The philosophy of the course is set out in the Australian Joint Professional Military Education Continuum (2019). In particular, the curriculum sets out the expectation for mid 04- mid 05 APS6-EL1 officers who are at this stages of their career moving from tactical to operational and strategic domains, within the broader Defence organisation. 

CMDR Paul Davidson, RAN
2mins
Reflections on Command

Reflections on Command

This short, and hopefully helpful addition to The Forge, targets those who are about to assume unit command appointments. It should be broadly relevant to other levels of command, as well as a broader audience interested in military command approaches. Rich Barrett.

COL Richard Barrett
2mins

'Why We Write' Series: Intellectual Preparation for War – It’s a Team Event

LTCOL Clare O’Neill
6mins
Why We Write image

'Why We Write' Series: Why I Write

Why I write

Jason Begley


“Pay strict attention to what I say because I choose my words carefully and never repeat myself.”

Dalton Russell, Inside Man

Whenever the subject of communication arises, I am drawn to this particular quote from arguably the most underrated heist movie of the modern era. This single sentence provides a basis of why communication is important, and why writing is such a powerful tool. Why do I say this? Let’s take a closer look...

Clarity is king

GPCAPT Jason Begley
5mins
Why We Write image

'Why We Write' Series: Final Thoughts

Conclusion of the #WhyWeWrite Series

The Forge Editors


Today’s contributions from LTCOL Clare O’Neill and GPCAPT Jason Begley are the last in the #WhyWeWrite series. GPCAPT Begley emphasises the importance of the discipline of writing for refining the thinking process. LTCOL O’Neill’s piece reflects on how far we have come in the ADF in professional writing, in working collaboratively as a team, and the origin story of the Grounded Curiosity blog.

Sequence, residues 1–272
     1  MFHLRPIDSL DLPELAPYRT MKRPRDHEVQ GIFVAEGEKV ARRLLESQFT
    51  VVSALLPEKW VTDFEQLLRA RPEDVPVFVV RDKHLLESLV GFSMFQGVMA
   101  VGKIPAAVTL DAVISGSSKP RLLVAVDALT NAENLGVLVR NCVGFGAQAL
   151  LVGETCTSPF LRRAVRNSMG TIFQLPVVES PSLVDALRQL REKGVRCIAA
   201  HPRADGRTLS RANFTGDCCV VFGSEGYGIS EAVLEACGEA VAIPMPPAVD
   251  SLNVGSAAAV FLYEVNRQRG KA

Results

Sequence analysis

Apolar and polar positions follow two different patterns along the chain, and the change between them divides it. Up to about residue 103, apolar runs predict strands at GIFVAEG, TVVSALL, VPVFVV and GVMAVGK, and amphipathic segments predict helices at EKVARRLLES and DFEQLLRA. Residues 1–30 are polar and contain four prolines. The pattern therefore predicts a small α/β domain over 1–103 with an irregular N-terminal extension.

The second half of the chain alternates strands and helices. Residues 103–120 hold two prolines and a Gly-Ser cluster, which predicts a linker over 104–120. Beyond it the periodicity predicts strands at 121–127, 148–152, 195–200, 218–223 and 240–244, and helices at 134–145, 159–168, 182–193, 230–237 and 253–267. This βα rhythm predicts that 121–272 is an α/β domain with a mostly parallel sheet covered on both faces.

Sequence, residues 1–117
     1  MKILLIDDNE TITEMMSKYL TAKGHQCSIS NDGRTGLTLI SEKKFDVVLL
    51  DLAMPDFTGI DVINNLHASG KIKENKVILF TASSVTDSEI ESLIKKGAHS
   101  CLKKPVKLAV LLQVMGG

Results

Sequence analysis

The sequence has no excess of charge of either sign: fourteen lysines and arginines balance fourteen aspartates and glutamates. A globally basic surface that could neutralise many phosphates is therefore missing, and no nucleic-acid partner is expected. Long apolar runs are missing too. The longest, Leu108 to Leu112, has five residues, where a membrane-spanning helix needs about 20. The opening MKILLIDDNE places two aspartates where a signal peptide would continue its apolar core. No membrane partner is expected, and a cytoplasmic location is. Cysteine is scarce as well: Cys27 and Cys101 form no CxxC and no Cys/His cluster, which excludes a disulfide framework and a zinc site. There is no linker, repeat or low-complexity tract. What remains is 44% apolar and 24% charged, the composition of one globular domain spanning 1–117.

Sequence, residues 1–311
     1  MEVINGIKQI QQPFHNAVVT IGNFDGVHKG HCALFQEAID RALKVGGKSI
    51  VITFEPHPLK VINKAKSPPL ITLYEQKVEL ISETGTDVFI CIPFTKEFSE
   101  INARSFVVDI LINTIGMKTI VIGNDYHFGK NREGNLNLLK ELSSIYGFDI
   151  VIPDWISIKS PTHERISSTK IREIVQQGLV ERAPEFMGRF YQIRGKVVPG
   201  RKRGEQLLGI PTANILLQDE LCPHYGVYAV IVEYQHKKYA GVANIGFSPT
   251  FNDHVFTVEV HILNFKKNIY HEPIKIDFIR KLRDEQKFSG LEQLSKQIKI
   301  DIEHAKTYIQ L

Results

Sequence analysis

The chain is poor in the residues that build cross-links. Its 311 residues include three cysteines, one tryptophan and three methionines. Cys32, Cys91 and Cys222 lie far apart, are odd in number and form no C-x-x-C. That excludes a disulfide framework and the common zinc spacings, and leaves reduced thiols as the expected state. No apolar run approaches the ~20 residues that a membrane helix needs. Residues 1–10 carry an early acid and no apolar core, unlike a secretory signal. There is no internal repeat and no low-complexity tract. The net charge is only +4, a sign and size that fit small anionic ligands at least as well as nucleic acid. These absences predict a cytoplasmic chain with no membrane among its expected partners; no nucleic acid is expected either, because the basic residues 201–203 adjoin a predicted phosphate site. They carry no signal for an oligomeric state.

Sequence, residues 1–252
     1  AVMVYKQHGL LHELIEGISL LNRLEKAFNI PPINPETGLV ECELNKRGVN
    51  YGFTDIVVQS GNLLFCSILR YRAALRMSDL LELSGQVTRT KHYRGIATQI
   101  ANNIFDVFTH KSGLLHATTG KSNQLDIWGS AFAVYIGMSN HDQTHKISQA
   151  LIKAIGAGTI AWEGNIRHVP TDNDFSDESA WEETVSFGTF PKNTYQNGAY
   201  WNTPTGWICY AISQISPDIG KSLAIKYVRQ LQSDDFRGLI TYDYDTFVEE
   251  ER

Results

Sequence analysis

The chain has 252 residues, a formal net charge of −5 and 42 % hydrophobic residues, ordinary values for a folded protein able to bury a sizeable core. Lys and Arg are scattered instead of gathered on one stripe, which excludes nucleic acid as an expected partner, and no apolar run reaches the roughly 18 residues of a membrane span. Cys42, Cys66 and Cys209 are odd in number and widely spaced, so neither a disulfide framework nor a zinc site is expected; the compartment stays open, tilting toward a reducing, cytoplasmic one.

The Forge Editors
2mins
Why We Write Series - Blood, Treasure and Time

Finding Virtue In Violence Or Writing For A Moral Compass In The 21st Century

Finding Virtue In Violence Or Writing For A Moral Compass In The 21st Century

LTCOL Thomas McDermott


‘For we know enough, if we know we are the king’s subjects; if his cause be wrong, our obedience to the king wipes the crime out of us'.

Bates, a soldier, to a disguised King Henry V, Act IV, Scene 1 [1]

LTCOL Thomas McDermott
3mins
Why We Write Series - Blood, Treasure and Time

'Why We Write' Series - WHY I WRITE

#Why I Write

WGCDR Chris McInnes

I find writing difficult and, frequently, not enjoyable. For me, answering the title question typically involves much wailing and gnashing of teeth as I ponder why I keep doing this to myself. But then I will see a new, stronger argument emerge from what I have put down on page or a nice turn of phrase will allow a small glimmer of ‘you can genuinely write’ light into the ‘you’re an impostor, what do you think you’re doing’ darkness.

WGCDR Chris McInnes
3mins